Not much good has come from the Ebola crisis, save this: It has raised awareness of the fact that we already have a weapon in our hands that could help fight such epidemics – our mobile phones.
There’s already evidence to show that the idea can work. Following the earthquake and cholera outbreak in Haiti in 2010, for example, “call-data records” from mobile phones were used to track people’s movements, so allowing experts to “infer, with empirical data and in real-time, where people are, and how many, and where they are probably headed,” according to The Economist. That’s vital information in health crises, where epidemiologists need to know if people are moving into or out of highly infected areas.
The technique has been also been used to follow people’s movements in the wake of natural catastrophes, for example after the 2011 earthquake in Japan. And there’s growing interest in seeing how it could be used to track survivors of extreme weather events, such as Typhoon Haiyan in the Philippines, especially as climate change threatens to raise the frequency of such disasters.
But there’s a problem. Even if such tracking methods don’t involve eavesdropping on callers’ conversations, they do involve a breach of their privacy. And in the case of the Ebola outbreak, that seems to have been a major obstacle in preventing mobile operators from releasing their phone records.
There’s also the problem that for everyone involved – mobile operators, government regulators and researchers – this is still somewhat uncharted territory. There’s a general recognition that call-data records have potential to ease suffering during epidemics and after calamities but, as The Economist again notes, “the data are unlikely to be released without stronger leadership that brings together operators, regulators and researchers”.
Still, even if the Ebola crisis has highlighted what remains to be done, it’s impressive to see the ways in which mobiles are already being used to collect data in developing countries. Perhaps that shouldn’t be a surprise. After all, according to the International Telecommunications Union, mobile-phone penetration now approaches 90% in developing countries (and 69% in Africa). This doesn’t mean that nine out of ten people have handsets. But even setting aside all those people and businesses with second or third phones, it’s clear that unprecedented numbers of people now have a device in their pocket that’s not just a phone but also a powerful little computer.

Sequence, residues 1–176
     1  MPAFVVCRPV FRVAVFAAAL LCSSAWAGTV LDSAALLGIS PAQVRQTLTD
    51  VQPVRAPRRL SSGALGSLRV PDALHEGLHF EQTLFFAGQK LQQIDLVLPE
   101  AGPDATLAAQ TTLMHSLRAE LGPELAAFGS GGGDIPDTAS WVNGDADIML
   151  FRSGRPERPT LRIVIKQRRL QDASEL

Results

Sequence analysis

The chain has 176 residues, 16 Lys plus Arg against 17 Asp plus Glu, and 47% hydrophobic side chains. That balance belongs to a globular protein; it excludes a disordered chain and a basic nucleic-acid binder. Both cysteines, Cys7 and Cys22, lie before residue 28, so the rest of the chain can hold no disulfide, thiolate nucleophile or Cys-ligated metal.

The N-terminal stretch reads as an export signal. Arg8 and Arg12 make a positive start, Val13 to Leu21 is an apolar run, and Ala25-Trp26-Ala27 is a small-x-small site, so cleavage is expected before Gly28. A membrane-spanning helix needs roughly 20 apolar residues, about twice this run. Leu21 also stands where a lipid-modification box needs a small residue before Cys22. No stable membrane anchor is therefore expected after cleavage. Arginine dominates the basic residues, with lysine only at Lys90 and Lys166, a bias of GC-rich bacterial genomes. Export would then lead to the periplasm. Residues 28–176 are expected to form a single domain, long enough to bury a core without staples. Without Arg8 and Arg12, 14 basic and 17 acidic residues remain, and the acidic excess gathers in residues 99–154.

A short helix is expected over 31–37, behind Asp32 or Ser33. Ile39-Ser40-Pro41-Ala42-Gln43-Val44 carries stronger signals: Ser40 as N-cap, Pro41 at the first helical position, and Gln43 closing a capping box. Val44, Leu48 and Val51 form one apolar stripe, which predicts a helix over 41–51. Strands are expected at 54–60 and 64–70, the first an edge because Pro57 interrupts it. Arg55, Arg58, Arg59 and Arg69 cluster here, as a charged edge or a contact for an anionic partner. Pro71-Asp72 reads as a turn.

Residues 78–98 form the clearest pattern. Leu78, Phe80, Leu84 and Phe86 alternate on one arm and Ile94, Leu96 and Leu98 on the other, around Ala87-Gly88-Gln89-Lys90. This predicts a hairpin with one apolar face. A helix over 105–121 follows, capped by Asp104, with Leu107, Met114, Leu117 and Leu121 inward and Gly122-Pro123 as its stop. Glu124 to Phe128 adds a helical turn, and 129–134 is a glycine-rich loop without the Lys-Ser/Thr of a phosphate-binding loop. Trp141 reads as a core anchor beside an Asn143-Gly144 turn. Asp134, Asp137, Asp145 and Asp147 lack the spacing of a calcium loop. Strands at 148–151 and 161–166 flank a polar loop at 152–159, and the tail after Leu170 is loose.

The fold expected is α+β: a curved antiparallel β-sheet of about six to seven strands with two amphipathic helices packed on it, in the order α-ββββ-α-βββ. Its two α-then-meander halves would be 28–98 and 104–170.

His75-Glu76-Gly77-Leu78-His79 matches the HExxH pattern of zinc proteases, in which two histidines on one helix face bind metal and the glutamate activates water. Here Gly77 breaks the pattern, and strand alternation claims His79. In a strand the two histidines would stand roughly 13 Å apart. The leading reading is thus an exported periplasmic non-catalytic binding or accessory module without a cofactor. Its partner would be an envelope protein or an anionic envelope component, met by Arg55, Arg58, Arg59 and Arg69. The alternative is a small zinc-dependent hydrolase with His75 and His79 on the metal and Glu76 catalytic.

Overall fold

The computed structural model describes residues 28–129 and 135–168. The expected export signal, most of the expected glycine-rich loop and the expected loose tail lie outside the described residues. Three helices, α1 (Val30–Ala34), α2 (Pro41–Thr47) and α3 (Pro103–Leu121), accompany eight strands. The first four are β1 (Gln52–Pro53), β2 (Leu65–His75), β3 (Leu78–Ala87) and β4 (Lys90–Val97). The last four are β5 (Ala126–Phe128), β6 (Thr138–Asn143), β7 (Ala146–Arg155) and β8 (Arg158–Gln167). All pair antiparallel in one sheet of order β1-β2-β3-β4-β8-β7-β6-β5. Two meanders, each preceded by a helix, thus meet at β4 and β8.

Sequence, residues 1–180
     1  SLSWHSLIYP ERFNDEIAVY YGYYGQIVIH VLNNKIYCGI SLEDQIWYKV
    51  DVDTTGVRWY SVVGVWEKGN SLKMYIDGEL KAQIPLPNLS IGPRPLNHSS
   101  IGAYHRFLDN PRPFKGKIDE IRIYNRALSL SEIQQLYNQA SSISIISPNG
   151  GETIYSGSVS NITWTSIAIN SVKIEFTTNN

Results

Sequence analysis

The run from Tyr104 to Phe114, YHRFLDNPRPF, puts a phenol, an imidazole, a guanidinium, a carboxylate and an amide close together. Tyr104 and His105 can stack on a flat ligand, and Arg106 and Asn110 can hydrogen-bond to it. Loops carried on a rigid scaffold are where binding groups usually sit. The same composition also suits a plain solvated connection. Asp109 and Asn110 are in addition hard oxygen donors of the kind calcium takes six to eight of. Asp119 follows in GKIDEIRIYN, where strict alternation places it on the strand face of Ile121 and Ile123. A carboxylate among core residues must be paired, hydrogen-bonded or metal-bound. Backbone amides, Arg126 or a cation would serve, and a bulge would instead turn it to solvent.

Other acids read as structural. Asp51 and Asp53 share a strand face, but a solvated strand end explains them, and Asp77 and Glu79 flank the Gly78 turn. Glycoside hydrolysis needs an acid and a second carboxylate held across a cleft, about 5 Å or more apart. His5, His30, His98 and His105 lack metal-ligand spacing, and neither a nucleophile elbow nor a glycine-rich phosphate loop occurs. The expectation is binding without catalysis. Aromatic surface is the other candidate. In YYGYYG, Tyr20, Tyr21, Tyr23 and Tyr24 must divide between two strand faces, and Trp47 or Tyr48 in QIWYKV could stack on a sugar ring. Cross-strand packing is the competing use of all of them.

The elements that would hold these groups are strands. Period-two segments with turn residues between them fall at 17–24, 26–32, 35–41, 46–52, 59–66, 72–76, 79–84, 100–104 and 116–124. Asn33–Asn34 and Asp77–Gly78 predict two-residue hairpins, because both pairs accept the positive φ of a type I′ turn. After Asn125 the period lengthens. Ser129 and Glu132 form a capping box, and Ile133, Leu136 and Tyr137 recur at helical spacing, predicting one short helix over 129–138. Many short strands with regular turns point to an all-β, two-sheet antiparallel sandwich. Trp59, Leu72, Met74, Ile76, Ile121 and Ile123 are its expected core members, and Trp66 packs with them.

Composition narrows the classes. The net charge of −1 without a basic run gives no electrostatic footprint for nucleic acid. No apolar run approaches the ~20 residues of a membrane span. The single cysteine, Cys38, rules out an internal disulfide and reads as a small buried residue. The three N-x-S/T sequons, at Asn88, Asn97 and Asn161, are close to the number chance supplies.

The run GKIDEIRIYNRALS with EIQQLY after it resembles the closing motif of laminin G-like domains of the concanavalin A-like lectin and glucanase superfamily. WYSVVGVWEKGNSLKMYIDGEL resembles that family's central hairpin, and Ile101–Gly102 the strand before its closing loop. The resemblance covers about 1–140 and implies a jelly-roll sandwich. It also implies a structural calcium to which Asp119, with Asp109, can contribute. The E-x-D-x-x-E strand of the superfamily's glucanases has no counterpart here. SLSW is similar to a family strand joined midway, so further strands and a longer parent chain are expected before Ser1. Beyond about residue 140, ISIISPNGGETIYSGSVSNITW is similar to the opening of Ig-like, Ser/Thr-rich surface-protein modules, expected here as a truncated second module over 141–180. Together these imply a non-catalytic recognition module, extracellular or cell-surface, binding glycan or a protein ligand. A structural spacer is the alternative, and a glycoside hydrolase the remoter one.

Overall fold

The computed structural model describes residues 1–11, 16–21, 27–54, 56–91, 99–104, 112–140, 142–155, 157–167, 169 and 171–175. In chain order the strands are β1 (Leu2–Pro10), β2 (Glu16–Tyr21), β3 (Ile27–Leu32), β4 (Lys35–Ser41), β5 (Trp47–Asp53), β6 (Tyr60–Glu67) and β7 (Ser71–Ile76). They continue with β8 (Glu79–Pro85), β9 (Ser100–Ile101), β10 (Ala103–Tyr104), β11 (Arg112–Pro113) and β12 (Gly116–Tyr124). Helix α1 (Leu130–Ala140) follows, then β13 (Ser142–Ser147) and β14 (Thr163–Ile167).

That’s potentially important for developing countries, many of which lack the infrastructure and personnel to compile adequate statistics. As the World Bank’s Shanta Devarajan has noted, widely cited poverty data for Africa for 2005 relies on robust statistics from just 39 of the continent’s countries, with only 11 able to supply comparable data for the same year.
These data holes make it difficult to measure progress and to identify priorities for development. In response, there have been growing calls for a “data revolution”, which would require action on a range of fronts, including greater investment in government statistical offices in developing countries and making better use of “Big Data” and innovative technologies, like mobile phones.
Encouragingly, there are signs that some of this is already happening. For example, an SMS-based survey in Tunisia investigated remittances, an area where hard facts are notoriously scarce and where estimates of how money migrants are sending back home are just that – estimates. It found that more than a quarter of remittances are sent back by hand, more than the total sent via Western Union. Insights like that could help to provide more accurate data on what is an important source of income in many developing countries.
Mobile phones are also being used to “crowd source” data on price changes, which, as Gillian Jones reports, can be used to “compile near real-time consumer price inflation data”. Local residents take photos of price tags in shops and markets and send them to a central data store. There, they are analysed to provide data on price changes as well as scarcities. Field agents are paid a few cents for each photo they send, but that can add up to an income of as much as $25 a month. And how are they paid? Over their phones, of course.
Global Call for Innovations: The Partnership in Statistics for Development in the 21st Century (PARIS21) has launched a global call for innovations to highlight organizational approaches and new technologies to help realise the data revolution. It is seeking case studies in crowd sourcing; data management; monitoring and reporting; open data; real-time data; remote sensing; research standards; visualization; skills development; and technical infrastructure.
Clean water, cold vaccines, cell phones = a simple way to save lives (OECD Insights blog)